A third LEfSe analysis revealed several differentially enriched taxa between reproductively active (n = 2) and nonreproductive (n = 2) adult female rhinoceros (Fig. 5). Reproductively active females were enriched in members of the Bacteroidetes family Rikenellaceae (p = 0.027), driven by an uncultured species of the Hoa5-07d05 gut group (p = 0.036), as well as uncultured taxa within the Firmicutes family Lachnospiraceae (p = 0.025) and Kiritimatiellaeota order WCHB1-41 (p = 0.031). Nonreproductive females were enriched in the Actinobacteria phylum (p = 0.01), driven by the orders Actinomycetales (p = 0.007) (specifically members of the family Actinomycetaceae (p = 0.007) and the Mobiluncus genus (p = 0.001)) and Corynebacteriales (p = 0.007) (driven by Corynebacterium diphtheriae (p = 0.004)). Nonreproductive females also harbored enriched phyla Chloroflexi (p = 0.036) and Lentisphaerae (p = 0.006, driven by uncultured members of the Victivallales family VadinBE97 (p = 0.006)); and Firmicutes order Bacillales (p = 0.05), driven by members of the genus Lysinibacillus (p = 0.028) within the family Planococcaceae (p = 0.04)).
An NMDS plot comparing community composition for the n = 4 adult and n = 2 subadult females across six months revealed a distinct trend in clustering based on seasonality (Fig. 6). The winter sample collection months of January, February, and March shared overlap in clustering, and the clusters were discrete from the summer sample collection months of July, August, and September. The summer months also clustered together, with the majority of overlap between July and August. A PERMANOVA analysis showed that none of the winter months differed significantly. Summer months all differed from winter months (p < 0.05), and there was no significant difference between July and August. However, September was significantly different from every other month (p < 0.01; Table 4).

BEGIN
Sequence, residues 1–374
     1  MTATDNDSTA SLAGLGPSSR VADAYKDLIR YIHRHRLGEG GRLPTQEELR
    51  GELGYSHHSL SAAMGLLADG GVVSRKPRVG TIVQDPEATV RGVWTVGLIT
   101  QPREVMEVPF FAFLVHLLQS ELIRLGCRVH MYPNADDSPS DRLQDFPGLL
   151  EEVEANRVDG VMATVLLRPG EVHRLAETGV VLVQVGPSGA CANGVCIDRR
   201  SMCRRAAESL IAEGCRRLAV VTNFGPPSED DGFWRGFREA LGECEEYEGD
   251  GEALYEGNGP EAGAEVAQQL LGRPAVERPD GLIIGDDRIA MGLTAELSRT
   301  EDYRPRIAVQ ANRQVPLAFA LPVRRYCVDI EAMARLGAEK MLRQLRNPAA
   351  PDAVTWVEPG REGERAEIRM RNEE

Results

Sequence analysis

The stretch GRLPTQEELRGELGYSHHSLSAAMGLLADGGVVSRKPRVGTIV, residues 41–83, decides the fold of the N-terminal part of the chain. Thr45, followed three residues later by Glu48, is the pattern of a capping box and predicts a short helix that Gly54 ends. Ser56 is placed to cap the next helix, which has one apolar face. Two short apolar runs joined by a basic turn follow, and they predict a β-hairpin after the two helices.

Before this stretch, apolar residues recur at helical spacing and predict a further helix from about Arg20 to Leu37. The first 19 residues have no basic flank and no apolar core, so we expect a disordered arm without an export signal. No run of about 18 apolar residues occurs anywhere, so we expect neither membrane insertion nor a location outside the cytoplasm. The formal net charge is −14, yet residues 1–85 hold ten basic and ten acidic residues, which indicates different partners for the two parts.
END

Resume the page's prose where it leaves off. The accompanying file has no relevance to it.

LEfSe analysis revealed differentially abundant taxa distinct to each month, with March having the most numerous enriched taxa (n = 44), followed by January (n = 41) (Fig. 7A and B). Only those taxa which were classified are listed below; a spreadsheet of all LDA scores and p-values for each month is available in Additional file 2.
Of the summer collection months (July-September 2021), July had the highest number of enriched taxa (n = 32) including Elusimicrobium (p < 0.001), Patescibacteria (p = 0.001), Rhodospirillales (p = 0.036), Butyrivibrio (p = 0.031), Anaerosporobacter (p < 0.001), Lentisphaerota (p = 0.034, driven by Victivallales (p = 0.034)), and Negativicutes (p = 0.018, driven by Veillonellaceae (p = 0.021)). August was enriched in Lachnoclostridium 10 (p = 0.008) and 12 (p < 0.001), Verrucomicrobia (p = 0.002, driven by LD1 PB3 (p = 0.002)), Ruminococcaceae UCG-014 (p = 0.024), Bacillales (p = 0.01, driven by Lysinibacillus (p = 0.03)), and Bacteroidales RF16 group (p = 0.003). September was enriched in Actinobacteria (p = 0.032), Spirochaetes (p = 0.02, driven by Treponema (p = 0.018)), Ruminococcaceae (p = 0.041), Ruminiclostridium 9 (p = 0.001), Prevotella 1 (p = 0.028), and Fusicatenibacter (p = 0.009). In addition, several Clostridiaceae (p = 0.003) genera and species were enriched including Clostridium sensu stricto 11 (p < 0.001), Clostridium sensu stricto 13 (p = 0.008), and Clostridium butyricum (p = 0.02).